Three of the remaining pieces (the books, glove and newspaper) have survived reinstallation following large construction projects at their sites, due in part to nearly rabid community support for their preservation.  Locations: Various.  Go find ‘em!

‘Rapunzel’ and ‘The Elephant’s Child’

The neon 'Rapunzel' created by Rodman Miller, sits inside her tower on the Fremont Bridge Photo by K. Lindsay, Feb '12

Installed:  1994/95  Artist:  Rodman Miller  Like many older art works in Fremont, the neon on the Fremont Bridge could use some care.  In 2011, the Fremont Chamber funded the original artist to complete some needed repairs.  More money is required, however, for a complete restoration.

Miller, a local, Fremont artist, saw the potential for neon on Fremont’s iconic blue-and-orange bridge – when the City of Seattle did not.  He fought, with support from Fremont business people and the Fremont Arts Council, to be allowed this ‘temporary’ installation.  Fortunately, Fremont’s definition of ‘temporary’ has yet to be defined (see the Lenin statue.)

In plain sight, in the Northwest tower, facing North 34th Street, Rapunzel, in neon, lets down her hair.  In the Northeast tower, facing inside the Bridge and Fremont Avenue, a blue elephant has his trunk stretched by a tenacious green crocodile (from the Rudyard Kipling ‘Just So Stories’.)

The neon 'Elephant's Child' created by Rodman Miller, is under repair. The Elephant is not currently lit. Photo by K. Lindsay, Feb '12

While Rapunzel enjoys great visibility (and fame as an iconic image,) the ‘Elephant’ sculpture can be better enjoyed by locals who can show him off to the unaware.  Locations: The North towers of the Fremont Bridge.

‘Dreamer Of World Peace’

Installed:  November 7, 2010  Artist:  Kaivalya Torpy  This work stands alone in Fremont’s collection of art – and in its gorgeous, quiet location along the Lake Washington Ship Canal and the Burke-Gilman Trail, between the Aurora & Fremont Bridges.  This sculpture of the life-long ambassador for peace Sri Chinmoy, stands as a symbol for peace as part of a collection of similar sculptures (all created by the London based artist) installed around the world.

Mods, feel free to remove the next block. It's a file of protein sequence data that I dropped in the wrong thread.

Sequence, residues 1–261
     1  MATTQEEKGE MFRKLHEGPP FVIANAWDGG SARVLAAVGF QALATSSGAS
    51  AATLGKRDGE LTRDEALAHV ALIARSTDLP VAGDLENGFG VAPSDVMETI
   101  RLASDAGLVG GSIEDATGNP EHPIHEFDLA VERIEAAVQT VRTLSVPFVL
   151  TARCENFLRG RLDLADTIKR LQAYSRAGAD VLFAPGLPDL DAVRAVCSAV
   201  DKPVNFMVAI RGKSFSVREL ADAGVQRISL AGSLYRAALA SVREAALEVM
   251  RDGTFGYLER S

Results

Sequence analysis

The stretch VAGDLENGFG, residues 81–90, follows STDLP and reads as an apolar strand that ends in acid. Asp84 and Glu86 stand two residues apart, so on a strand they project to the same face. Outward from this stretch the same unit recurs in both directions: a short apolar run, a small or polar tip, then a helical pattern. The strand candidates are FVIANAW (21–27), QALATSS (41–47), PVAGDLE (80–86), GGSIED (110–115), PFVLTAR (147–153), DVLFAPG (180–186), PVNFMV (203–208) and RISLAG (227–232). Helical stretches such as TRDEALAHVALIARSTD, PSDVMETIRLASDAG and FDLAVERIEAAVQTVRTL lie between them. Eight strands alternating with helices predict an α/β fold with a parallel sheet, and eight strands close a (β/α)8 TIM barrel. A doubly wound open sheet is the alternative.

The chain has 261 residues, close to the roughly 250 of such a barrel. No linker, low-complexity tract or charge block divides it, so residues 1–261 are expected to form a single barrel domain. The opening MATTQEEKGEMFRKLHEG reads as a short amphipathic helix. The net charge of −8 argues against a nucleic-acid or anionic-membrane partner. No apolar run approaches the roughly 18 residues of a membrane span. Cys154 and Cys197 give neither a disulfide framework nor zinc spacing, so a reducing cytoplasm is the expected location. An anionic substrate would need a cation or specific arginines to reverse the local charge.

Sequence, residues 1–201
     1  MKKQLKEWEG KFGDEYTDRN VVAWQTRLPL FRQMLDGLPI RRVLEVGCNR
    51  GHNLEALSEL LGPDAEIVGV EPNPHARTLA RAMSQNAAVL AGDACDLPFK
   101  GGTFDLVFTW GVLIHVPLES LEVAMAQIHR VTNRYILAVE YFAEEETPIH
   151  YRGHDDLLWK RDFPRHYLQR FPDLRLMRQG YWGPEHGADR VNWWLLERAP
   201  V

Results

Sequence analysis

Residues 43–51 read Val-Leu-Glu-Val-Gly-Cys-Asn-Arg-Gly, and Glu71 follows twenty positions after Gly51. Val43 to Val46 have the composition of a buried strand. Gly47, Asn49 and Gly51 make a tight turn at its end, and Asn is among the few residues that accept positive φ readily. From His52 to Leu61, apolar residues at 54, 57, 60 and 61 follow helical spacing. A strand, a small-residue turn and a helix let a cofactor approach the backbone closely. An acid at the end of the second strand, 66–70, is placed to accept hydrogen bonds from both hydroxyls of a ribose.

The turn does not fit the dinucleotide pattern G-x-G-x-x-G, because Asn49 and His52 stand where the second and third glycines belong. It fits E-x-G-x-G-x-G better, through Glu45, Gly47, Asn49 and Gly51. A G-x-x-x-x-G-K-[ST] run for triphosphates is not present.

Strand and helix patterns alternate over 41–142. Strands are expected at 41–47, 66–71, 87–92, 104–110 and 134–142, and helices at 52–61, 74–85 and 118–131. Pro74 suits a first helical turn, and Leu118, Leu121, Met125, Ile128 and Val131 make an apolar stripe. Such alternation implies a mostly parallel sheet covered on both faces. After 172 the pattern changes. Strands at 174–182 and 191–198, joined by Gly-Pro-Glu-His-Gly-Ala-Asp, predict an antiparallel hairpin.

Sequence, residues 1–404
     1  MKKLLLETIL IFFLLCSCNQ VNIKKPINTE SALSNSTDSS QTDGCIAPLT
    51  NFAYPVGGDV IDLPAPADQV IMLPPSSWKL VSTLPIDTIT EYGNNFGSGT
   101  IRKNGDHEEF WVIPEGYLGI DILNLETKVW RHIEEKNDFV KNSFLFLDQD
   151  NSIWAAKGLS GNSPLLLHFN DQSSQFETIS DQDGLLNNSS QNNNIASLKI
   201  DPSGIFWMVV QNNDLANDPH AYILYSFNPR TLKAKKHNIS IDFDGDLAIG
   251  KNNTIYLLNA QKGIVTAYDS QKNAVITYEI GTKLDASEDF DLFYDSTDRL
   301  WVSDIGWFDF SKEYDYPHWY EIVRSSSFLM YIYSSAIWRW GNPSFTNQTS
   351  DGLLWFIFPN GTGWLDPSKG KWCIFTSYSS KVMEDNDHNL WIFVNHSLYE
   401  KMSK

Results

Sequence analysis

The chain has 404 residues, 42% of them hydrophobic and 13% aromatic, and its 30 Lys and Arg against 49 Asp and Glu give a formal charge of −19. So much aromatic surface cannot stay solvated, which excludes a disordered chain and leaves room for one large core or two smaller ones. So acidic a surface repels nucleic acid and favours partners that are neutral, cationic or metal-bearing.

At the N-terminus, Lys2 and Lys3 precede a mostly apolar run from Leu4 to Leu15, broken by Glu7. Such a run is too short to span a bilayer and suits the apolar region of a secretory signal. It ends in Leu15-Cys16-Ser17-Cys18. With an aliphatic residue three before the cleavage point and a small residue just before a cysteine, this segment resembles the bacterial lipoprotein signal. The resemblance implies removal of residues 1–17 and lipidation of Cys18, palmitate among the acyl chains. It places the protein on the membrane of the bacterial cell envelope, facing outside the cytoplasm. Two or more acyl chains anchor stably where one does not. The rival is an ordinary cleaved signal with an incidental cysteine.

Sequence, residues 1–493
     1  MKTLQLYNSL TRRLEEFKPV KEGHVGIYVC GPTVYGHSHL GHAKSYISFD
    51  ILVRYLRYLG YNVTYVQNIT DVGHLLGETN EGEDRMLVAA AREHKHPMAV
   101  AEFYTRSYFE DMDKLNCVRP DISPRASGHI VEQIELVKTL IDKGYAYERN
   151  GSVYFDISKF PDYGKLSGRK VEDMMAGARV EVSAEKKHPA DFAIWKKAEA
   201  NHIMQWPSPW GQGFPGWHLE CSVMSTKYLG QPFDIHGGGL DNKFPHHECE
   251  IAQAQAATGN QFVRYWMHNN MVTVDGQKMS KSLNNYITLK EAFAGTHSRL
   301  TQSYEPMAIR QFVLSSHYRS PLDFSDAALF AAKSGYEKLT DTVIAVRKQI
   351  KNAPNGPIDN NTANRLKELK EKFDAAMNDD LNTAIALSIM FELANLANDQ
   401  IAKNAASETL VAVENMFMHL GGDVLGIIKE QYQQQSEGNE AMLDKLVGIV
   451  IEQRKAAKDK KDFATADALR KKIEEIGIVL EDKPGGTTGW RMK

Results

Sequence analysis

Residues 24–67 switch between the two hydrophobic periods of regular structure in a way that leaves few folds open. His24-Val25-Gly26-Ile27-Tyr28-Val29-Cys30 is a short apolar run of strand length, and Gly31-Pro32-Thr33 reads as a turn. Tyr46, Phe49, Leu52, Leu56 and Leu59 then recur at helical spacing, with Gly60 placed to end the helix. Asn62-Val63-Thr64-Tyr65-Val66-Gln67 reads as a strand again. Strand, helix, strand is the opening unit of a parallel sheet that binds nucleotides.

One of the newest - and least known - pieces of public art in Fremont occupies a spot of peace along the Burke-Gilman Trail Photo by K. Lindsay, May '11

When installed, this solemn and stately statue was the seventh world-wide, and the first to arrive in the United States (Rhode Island has the second.)  Each installation stands near water, and marks locations of peace and harmony.  As of November 2011, the now twelve sculptures occupy locations in Oslo, Norway (2008,) Indonesia (2009,) Prague (2009,) Mazatlan (2009,) Puerto Rico (2010,) Finland (2010,) Nepal (2011,) Perth, Australia (2011,) Providence, Rhode Island (2011,) Slovenia (2011,) and Vienna (2011.)

A spiritual leader and ‘student of peace,’ Sri Chinmoy led the peace meditation at the United Nations for 37 years.  He passed away in 2007, after creating thousands of works of art including paintings and poetry (some can be seen at Fremont’s Silence-Heart-Nest restaurant.  Location:  (in Fremont) At the meeting of the Lake Washington Ship Canal and Lake Union.

A tour of all of Fremont’s public art could occupy most of a day, but a quick tour of one of these collections could be a great excuse for getting out on even a moderately sunny day for 20 minutes or so.  The chance to hunt, and discover previously hidden or rarely seen art works, often enhances pieces that can otherwise become barely noticed backgrounds in the hustle and bustle of life at the Center of the Universe.


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©2012 Kirby Lindsay.  This column is protected by intellectual property laws, including U.S. copyright laws.  Reproduction, adaptation or distribution without permission is prohibited.